By Lindsey Scott
Last week many of us watched as the wireless world worked itself into a frenzy over the unveiling of T-Mobile’s G1, the first mobile phone to run on Google’s Android operating system. Speculation about Google’s entrance into the mobile market had run rampant in the media for nearly a year as industry experts wondered whether the Internet giant would produce an iPhone killer, or better yet, a “gPhone.” Naturally, expectations for the September 23 preview event were high.
Now that the dust set has settled somewhat and we wait anxiously for the G1’s official launch on October 22, industry experts have had a chance to reflect on the implications of Google’s foray into the mobile space. Yesterday BusinessWeek published an op-ed piece which included some thought-provoking, albeit slightly romantic observations on what Android could mean for the mobile ecosystem.
The gist of the article is that until now, the mobile industry has been by and large an exasperating and overpriced experience for consumers at the mercy of wireless carriers who are “gruff, insensitive bullies” who hide behind “balkanized billing services, huckster-style contracts, and technical obscurity.” The author, Rachel Hinman, argues that T-Mobile could emerge as a hero in the wireless industry because of its decision to partner with Google and embrace a more open, customer-centric model for other carriers to follow.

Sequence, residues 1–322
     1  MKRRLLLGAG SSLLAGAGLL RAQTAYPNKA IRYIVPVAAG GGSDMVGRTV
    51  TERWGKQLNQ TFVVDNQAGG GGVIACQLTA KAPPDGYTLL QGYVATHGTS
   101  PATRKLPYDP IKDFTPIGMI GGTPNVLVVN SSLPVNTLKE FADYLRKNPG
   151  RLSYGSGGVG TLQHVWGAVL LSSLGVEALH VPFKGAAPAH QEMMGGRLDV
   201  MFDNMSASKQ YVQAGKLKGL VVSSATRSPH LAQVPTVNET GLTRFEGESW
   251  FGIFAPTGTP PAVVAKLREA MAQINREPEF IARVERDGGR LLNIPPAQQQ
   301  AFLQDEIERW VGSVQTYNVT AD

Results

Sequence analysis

Putting aside my skepticism about the feasibility of this theory, I have to say that I like many of the ideas Hinman puts forth. She argues that T-Mobile can become a hero in the mobile world by improving the user experience, offering contract-free plans and partnering with compelling brands like Apple and Google. Perhaps her most salient point is that T-Mobile needs to embrace the openness that Android is predicated on:
“If T-Mobile reflects the spirit of the Android platform and the Internet by allowing consumers the freedom and flexibility to do what they want, its service will embody an emerging trend customers have grown to want: Openness. T-Mobile should banish yesterday’s walled gardens and ridiculous proprietary ringtone stores and choose instead to embrace all that Android stands for.”
Ultimately, the implications of this idea go far beyond patching up relations between carriers and their customers or the roll-out of a fancy new cell phone. The end result of this strategy would be more about making Internet access an on-the-go, 24/7 phenomenon and turning our mobile phones into mini-computers.
In the end I think this is at the heart of why Google’s debut on the mobile scene has so many people talking – it represents the convergence of mobile and the Internet. Now all we have to is just sit back and wait.